Kenyan troops launched an assault Sunday to end a terrifying siege by Somali militants holding hostages inside a shopping mall, with police warning the death toll of 68 people could rise "much higher".
Shortly after night fell with the siege well into its second day, teams backed by Israeli agents moved in to end the bloodbath at the upmarket Westgate complex.
"Godspeed to our guys in the Westgate building," Kenya's National Disaster Operation Centre said in a message on its Twitter site. "Major engagement ongoing."
The disaster centre, which said the assault "will end tonight" reported "sporadic gunfire" as the troops battled the remaining attackers, while an AFP reporter outside the mall heard a loud explosion as helicopters flew overhead.
"The criminals are now all located in one place within the building... We have as good a chance to successfully neutralise the terrorists as we can hope for," Kenyan President Uhuru Kenyatta said in a speech to the nation.
Kenyatta, who called for patience, said he had received "numerous offers of assistance from friendly countries" but that for now it remained a Kenyan operation.
However, a Kenyan security source confirmed that Israelis "are rescuing the hostages and the injured". The Israeli foreign ministry refused to confirm or deny its agents were involved.
Terrified witnesses recounted scenes of horror as the masked gunmen tossed grenades and sprayed automatic gunfire in the packed centre in a brazen attack around midday on Saturday, sending panicked shoppers fleeing for their lives.
Officials have estimated some 200 people have been wounded in the more than 30-hour-siege.
But police sources who had entered the building on Sunday evening said they feared that death toll "could be much, much higher... judging from the bodies sighted inside," reporting that the attackers continued to fight back.
Nine bodies were taken out the centre shortly after troops went in, updating an earlier toll of 59.
Somalia's Al Qaeda-inspired Shebab rebels said the carnage at the partly Israeli-owned complex was in retaliation for Kenya's military intervention in Somalia, where African Union troops are battling the Islamists.
"They shall not get away with their despicable and beastly acts," Kenyatta said in an emotional speech. "We will punish the masterminds swiftly, and indeed very painfully."
More than 1,000 people have been rescued, but between 10 to 15 attackers -- reportedly both men and women -- are holding out in the multi-storey complex "as well as many unarmed, badly shaken, innocent civilians", Kenyatta said.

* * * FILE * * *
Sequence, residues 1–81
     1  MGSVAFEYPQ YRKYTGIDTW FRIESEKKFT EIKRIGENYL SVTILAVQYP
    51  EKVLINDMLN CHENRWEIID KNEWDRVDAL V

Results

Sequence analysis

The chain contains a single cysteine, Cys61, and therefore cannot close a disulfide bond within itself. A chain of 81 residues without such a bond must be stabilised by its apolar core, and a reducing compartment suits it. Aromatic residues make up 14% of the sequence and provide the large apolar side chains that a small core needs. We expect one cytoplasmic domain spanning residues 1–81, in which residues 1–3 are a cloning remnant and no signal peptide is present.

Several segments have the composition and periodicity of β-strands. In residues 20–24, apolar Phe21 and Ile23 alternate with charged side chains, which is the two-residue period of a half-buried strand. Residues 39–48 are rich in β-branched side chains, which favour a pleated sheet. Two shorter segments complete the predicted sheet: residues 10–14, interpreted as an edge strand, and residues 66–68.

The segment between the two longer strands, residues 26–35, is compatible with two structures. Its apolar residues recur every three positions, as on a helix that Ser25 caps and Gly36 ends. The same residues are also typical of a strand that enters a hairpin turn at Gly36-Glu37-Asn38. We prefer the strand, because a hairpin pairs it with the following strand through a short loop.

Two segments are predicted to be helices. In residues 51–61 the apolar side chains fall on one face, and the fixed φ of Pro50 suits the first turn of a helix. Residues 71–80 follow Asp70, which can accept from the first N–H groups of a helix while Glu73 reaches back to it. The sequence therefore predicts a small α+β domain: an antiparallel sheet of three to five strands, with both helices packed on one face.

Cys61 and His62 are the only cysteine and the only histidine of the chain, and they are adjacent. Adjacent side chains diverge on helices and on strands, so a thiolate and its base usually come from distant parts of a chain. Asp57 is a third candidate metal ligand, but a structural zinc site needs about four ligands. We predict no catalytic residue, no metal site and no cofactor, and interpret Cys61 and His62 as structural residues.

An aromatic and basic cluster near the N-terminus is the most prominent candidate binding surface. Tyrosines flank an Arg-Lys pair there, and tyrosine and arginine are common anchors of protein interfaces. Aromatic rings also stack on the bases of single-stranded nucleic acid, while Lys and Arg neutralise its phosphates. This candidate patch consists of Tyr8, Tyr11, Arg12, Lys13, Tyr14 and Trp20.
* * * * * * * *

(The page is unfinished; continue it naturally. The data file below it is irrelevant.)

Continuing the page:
Kenyatta said a nephew and his fiancee were among those killed during the sometimes ferocious gun battles.
The dead also included three Britons, two French women, two Canadians including a diplomat, a Chinese women, two Indians, a South Korean, a South African and a Dutch woman, according to their governments.
Also killed was Ghanaian poet and former UN envoy Kofi Awoonor, 78, while his son was injured.
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The attack, the worst in Nairobi since an Al-Qaeda bombing at the US embassy killed more than 200 people in 1998, was condemned by world powers.
US President Barack Obama called Kenyatta offering support "to bring the perpetrators of the attack to justice", while UN chief Ban Ki-moon said the violence was "totally reprehensible".
Kenya's Vice President William Ruto has asked the International Criminal Court to delay his trial for crimes against humanity over deadly 2007-08 post-election violence because of the mall standoff, his lawyer said.
Mall worker Zipporah Wanjiru, who emerged from the ordeal alive but in a state of shock, said she hid under a table with five other colleagues.
"They were shooting indiscriminately, it was like a movie seeing people sprayed with bullets like that," she said, bursting into tears. "I have never witnessed this in my life. Only God can heal us and our country."
Cafe waiter Titus Alede, who risked his life and leapt from the first floor of the mall, said it was a "miracle from God" that he managed to escape the approaching gunmen.
"I remember them saying 'you killed our people in Somalia, it is our time to pay you back'," he said.
One teenage survivor told how he played dead to avoid being killed.
"I heard screams and gunshots all over the place. I got scared... (and) hid behind one of the cars," 18-year-old Umar Ahmed told AFP.
In the hours after the attack began, shocked people of all ages and races could be seen running from the mall, some clutching babies, while others crawled along walls to avoid stray bullets.
As well as Kenyan troops, foreign security agents -- from Israel as well as the United States and Britain -- were also seen in the mall, which is popular with wealthy Kenyans and expatriates.
An AFPTV reporter said she saw at least 20 people rescued from a toy shop, some of them children taken away on stretchers.
Shebab said the attack was retaliation for Kenya's nearly two-year-old military presence in war-torn Somalia in support of the internationally-backed government.
"If you want Kenya in peace, it will not happen as long as your boys are in our lands," Shebab spokesman Sheik Ali Mohamud Rage said in a statement.
The group also issued a string of statements via Twitter, one of them claiming that Muslims in the centre had been "escorted out by the Mujahideen before beginning the attack".
Israeli interests in Kenya have come under attack before.
In November 2002 there were two simultaneous attacks in the Mombasa area. A missile targeted an Israeli charter flight as it took off from the port city's airport, but missed.
At the same time a car packed with explosives smashed into the Israeli-owned Paradise hotel, killing 10 Kenyans and three Israelis.